In this lab, we put Agar Cubes in an OH solution to test diffusion.
Here is the data we found (ratios are flipped to V:SA on the table):
The cube that diffused best was the smallest (1cmx1cm) cube.
Our group found that the smaller the size of the cube, the easier and faster it was to diffuse. We agreed that this was because of the SA:V ratio. The higher the Surface Area compared to Volume, the more efficiently the cube (or cell) will diffuse.
Cells are smaller rather than larger because if they were larger, they would be less efficient in diffusion. Diffusion is important because it is a factor in the exportation of water, oxygen and nutrients between cells. Smaller cells also diffuse quicker.
If we are comparing 3 cubes with different SA:V ratios, for example cubes, A(3:1), B(5:2) and C(4:1), C would have the best diffusion efficiency. The SA:V ratio is higher and therefore allows for easier and quicker diffusion.
Our larger organs are made of smaller cells in order to provide maximum surface area coverage. This helps gases to be exchanged efficiently. There are high SA:V ratios wherever gases are exchanged in the human body.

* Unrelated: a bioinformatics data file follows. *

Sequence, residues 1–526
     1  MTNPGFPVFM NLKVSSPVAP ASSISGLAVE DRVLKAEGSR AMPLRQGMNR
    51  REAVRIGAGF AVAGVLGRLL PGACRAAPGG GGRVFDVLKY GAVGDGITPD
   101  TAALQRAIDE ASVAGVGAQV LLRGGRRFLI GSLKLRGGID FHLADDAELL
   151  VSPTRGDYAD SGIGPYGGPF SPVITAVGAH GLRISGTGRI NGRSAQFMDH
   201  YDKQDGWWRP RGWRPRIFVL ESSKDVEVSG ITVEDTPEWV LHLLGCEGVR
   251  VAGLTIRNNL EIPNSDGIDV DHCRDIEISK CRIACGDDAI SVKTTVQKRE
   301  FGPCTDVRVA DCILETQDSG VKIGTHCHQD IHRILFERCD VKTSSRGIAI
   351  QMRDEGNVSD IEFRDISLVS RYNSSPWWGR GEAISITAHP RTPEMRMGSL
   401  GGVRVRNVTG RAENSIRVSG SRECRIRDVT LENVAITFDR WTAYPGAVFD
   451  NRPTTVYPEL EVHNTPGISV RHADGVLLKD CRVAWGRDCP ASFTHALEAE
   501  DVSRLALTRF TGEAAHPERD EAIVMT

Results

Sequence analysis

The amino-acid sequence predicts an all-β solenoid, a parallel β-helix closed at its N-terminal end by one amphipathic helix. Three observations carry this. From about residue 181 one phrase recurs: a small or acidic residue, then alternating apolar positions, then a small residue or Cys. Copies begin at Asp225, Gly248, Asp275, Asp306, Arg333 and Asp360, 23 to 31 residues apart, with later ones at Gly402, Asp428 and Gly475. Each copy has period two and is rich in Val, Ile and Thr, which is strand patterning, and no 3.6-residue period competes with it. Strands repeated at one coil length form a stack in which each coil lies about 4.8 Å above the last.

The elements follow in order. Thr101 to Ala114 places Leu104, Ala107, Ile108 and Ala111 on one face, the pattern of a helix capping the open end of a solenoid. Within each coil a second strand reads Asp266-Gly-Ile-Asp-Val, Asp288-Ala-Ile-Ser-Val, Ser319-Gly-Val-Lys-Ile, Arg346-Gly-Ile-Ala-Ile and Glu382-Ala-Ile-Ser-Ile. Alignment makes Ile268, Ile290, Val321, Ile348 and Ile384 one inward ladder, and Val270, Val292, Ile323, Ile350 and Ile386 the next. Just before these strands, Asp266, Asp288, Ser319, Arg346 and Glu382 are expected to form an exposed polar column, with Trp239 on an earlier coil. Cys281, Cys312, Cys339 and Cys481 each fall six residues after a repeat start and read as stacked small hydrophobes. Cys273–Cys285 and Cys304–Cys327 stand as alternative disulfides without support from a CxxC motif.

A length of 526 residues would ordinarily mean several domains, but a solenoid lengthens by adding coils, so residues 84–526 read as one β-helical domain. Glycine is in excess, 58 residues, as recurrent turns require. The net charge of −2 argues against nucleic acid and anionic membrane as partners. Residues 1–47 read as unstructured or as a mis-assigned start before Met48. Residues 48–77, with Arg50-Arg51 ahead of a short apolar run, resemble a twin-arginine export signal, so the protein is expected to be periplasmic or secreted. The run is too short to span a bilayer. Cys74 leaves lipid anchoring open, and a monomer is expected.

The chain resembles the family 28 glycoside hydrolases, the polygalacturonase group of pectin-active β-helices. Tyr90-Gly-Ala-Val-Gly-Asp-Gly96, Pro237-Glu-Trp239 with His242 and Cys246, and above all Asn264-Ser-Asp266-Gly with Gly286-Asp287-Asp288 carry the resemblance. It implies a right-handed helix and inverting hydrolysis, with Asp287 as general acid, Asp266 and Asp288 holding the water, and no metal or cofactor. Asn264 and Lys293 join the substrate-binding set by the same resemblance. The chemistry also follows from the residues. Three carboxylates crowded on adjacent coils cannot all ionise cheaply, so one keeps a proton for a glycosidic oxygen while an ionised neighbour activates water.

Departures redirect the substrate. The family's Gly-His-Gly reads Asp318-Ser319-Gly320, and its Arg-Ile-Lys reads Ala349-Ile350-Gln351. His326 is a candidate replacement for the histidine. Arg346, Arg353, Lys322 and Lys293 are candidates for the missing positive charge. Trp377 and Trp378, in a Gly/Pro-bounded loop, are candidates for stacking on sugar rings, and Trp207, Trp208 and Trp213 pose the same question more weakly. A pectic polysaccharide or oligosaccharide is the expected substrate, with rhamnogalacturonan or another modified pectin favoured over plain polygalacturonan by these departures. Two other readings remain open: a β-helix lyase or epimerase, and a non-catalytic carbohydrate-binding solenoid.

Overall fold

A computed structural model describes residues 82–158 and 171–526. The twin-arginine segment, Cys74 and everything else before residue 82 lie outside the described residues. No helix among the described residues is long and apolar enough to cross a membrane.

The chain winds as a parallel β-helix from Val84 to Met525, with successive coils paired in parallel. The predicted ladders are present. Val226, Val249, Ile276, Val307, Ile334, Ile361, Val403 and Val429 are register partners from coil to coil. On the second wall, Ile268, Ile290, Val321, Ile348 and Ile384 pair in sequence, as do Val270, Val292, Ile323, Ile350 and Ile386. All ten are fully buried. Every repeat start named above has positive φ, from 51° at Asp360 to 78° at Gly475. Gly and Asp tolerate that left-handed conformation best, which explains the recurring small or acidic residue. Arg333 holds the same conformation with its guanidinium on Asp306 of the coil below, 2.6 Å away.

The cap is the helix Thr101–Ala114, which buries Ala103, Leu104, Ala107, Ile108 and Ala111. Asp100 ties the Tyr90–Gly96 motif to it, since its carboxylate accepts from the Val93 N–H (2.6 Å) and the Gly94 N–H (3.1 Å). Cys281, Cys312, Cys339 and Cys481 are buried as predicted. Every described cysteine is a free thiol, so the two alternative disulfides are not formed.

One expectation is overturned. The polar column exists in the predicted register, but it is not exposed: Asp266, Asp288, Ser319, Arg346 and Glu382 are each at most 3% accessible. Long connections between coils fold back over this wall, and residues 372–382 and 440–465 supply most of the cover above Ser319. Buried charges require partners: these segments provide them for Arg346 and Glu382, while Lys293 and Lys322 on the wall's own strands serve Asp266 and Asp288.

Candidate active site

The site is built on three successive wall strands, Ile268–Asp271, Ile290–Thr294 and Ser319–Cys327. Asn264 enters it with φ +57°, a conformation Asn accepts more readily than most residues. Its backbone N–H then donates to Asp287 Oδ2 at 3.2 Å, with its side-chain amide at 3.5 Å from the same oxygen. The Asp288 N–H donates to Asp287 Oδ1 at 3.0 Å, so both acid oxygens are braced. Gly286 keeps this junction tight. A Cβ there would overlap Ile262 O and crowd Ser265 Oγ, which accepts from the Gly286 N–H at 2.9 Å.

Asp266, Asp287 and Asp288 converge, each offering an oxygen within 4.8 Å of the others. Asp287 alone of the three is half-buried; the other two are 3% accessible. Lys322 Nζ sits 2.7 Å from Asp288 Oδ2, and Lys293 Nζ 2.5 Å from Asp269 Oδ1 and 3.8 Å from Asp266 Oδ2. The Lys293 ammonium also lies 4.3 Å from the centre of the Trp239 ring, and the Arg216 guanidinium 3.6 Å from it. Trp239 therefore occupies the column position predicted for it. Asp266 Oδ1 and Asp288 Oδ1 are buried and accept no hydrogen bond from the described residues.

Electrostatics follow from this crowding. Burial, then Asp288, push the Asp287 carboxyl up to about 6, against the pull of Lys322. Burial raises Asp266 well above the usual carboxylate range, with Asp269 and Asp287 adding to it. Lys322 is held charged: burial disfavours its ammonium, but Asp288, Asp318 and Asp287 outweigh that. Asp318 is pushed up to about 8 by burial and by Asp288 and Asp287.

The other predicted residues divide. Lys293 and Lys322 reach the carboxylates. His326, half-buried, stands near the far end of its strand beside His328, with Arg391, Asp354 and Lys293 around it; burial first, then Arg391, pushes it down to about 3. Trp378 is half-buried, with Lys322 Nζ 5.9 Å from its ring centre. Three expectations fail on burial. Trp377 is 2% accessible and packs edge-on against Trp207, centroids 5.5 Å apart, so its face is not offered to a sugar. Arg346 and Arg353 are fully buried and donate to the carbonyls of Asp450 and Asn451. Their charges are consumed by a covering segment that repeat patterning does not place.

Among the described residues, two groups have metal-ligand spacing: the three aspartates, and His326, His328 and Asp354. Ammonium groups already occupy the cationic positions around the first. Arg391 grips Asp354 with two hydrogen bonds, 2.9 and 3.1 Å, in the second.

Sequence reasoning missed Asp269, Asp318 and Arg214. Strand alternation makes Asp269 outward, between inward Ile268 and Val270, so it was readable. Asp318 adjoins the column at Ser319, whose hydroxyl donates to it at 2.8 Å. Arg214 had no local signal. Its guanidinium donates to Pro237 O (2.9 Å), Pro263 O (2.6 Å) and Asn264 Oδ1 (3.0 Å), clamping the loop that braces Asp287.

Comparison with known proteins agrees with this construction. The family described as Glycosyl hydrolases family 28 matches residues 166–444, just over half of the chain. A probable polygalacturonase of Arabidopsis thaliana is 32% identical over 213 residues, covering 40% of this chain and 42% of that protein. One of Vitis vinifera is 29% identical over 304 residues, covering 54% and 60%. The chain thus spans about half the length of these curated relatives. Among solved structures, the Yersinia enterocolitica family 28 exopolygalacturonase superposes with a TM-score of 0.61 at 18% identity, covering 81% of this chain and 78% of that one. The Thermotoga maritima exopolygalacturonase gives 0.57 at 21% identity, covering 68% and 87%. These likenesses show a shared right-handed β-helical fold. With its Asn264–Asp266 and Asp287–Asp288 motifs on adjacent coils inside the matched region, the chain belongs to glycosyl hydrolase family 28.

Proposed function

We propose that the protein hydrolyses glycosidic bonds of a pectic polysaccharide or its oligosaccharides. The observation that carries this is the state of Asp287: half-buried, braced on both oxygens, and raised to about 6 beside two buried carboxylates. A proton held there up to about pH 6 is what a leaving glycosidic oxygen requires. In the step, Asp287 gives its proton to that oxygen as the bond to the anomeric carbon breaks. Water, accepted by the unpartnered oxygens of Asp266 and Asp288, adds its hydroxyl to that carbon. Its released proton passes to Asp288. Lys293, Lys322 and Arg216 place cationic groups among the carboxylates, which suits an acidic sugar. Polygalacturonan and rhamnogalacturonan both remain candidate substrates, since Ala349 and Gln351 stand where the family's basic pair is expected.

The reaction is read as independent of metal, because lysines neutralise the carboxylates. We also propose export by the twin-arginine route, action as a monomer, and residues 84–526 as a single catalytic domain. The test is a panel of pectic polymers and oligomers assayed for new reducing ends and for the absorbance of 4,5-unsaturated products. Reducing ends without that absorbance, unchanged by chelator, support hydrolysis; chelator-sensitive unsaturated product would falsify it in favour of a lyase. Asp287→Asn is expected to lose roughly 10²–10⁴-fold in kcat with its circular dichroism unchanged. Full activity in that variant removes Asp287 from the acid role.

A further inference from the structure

Certain cells, such as bacteria, are unable to grow to the size of a small fish due to the fact that the SA:V ratio decreases as the size of the cell increases, as shown by our data. Once the cell gets too large, it will be unable to diffuse efficiently and therefore would affect its ability to provide water, oxygen and nutrients.
Some advantages of being multicellular includes the diversity of cells, which allows for different functions in the organism. Each type of cell has its own function. The different functions allow each organ in the body to preform their duties, such as, in the respiratory system or digestive system. This is what makes multicellular organs complex.